Every married man encounters this experience quite often – you are all dressed up to go to a wedding, you go out to take out your car. The dear wife should have by then locked the house and come to the driveway. But you wait and wait, yet there is no sign of her. You go in to find out what the matter is. She is crouching on the floor and searching desperately for something under the carpet, cushions, in nooks and crevices. Some tiny attachment, a screw or a latch, which lets the earrings or danglers hold on to the ear, has slipped off. You barely suppress your smile, when she flares up, what is so funny about it, don’t you think you should help me in finding the damn thing? As a dutiful husband you also go down on all the fours to join her in the search.
The jhumkas made in Bareilly were particularly prone to this problem – they would fall off in market places. It happened in the ‘60s (Asha Bhosle, Mera Saya, 1966, Madan Mohan). It turns out it happened in ‘40s too. You have this frothy Jhumka gira re from the film Dekhoji (1947). The lyrics are raw and straight from the soil, and who else but the full throated Shamshad Begum to give expression to the unrestrained joy in this folk song. The only other singer who could do justice to this song was Zohra Ambalawali (recall her Ankhiyan mila ke jiya bharma ke from Rattan). I love the lyrics सैंया ढ़ूढ़े रे नैनों में नैना डाल के – if you have to crouch on the floor to search the jhumka, do not make a long face, do it nainon me naina daal ke.
झुमका गिरा रे झुमका गिरा रे
झुमका गिरा रे बरेली के बाज़ार में
झुमका गिरा रे
सास मेरी रोए ननद मेरी रोए
सैंया रोये रे गले में बैयां डाल के
झुमका गिरा रे
जेठ् मेरा ढ़ूंढ़े जेठानी मेरी ढ़ूढ़े
सैंया ढ़ूढ़े रे नैनों में नैना डाल के
झुमका गिरा रे
सैंया मेरा गावे बहन मेरी गावे
सैंया गावे रे गले में बाजा डाल के
झुमका गिरा रे
Jhumka gira re Bareilly ke bazaar mein by Shamshad Begum from Dekhoji (1947), lyrics Wali Saheb, music Tufail Farooqui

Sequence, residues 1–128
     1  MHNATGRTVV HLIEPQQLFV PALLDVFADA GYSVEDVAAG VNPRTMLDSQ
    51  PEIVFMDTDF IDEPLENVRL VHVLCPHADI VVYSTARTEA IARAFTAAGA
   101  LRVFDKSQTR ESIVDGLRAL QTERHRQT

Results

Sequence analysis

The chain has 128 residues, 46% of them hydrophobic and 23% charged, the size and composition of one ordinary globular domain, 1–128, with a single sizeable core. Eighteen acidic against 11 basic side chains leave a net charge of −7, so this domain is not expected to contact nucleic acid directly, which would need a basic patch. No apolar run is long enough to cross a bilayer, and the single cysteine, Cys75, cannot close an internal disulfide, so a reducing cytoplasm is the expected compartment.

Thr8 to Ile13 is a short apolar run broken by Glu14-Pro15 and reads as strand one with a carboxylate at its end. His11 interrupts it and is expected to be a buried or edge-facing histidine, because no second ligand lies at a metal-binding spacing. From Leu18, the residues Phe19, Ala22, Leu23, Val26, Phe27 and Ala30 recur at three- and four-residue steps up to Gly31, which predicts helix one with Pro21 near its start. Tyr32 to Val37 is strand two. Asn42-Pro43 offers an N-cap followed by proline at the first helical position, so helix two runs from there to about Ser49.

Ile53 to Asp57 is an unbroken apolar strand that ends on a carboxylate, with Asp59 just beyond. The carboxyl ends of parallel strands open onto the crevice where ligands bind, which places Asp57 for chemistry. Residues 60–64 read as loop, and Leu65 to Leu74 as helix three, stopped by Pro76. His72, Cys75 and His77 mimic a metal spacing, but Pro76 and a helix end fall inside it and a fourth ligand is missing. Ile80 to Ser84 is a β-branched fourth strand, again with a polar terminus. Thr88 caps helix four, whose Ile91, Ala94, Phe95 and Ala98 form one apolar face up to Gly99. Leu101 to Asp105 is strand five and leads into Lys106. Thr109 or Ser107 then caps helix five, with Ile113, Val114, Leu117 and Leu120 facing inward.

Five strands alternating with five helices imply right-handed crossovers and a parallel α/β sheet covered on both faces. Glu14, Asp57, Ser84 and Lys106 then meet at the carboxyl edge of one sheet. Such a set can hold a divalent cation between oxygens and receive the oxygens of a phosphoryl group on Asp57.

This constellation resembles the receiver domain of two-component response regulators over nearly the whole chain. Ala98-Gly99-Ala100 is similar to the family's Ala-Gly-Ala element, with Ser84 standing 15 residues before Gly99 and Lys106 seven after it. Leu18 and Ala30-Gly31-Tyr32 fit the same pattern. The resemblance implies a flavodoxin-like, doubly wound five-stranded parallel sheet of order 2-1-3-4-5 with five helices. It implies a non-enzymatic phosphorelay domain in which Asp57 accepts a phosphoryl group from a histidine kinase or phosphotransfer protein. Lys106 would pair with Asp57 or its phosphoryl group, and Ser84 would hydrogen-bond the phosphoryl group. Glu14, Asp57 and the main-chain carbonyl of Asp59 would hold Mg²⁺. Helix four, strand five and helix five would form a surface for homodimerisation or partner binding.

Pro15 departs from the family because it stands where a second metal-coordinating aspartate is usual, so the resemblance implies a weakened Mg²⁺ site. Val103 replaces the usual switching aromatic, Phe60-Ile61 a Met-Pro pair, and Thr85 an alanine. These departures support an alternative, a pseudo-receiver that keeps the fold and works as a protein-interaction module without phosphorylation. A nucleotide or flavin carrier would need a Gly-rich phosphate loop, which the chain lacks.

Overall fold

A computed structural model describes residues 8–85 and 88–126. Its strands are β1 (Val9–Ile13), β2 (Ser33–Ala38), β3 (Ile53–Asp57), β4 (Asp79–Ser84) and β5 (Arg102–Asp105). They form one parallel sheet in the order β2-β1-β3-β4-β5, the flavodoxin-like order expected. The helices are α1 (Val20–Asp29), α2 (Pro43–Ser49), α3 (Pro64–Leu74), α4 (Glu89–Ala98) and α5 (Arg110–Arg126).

I have some friends who share the same passion for old film music. They were delighted to hear the Shamshad Begum version of Jhumka gira re. They are from different academic and professional backgrounds. They gave me different perspectives on the song.
He said that different cities would have different probabilities of defective jhumka pieces depending on the tradition of workmanship there and training facilities for skill upgradation. Now the fact of the jhumka falling in Bareilly does not a priory mean that it is a product of Bareilly. This becomes a question of conditional probability which has to be solved by Bayesian methods of finding the probability of event A, given B, i.e. P(A|B).
He said that falling jhumka is an event of very low probability, but if it happens, the loss is significant. Such an occurrence typically follows Poisson distribution, whose mean is the same as variance. So to arrive at any definitive conclusion we have to study the number of falling jhumkas in a given time across cities on a long time series of data. In the absence of any such data any adverse inference about Bareilly would be mathematically wrong.
This friend of mine had also acquired an MBA degree from a reputed institute. His analysis was that this is a simple case of defects in manufacturing process. The cause of defects has to be segregated into chance causes and assigned causes. The chance causes follow a bell shaped normal distribution. The challenge is to use the tools of statistical quality control, as W Edwards Deming did for Japan, which had equally poor reputation for quality, but soon transformed into a Mecca for high quality with SQC. By shifting the mean towards left and narrowing the standard deviation, you can say with 99.97% confidence level that in a batch size of a million jhumkas, the number of defective pieces would fall within the range 10±1.03.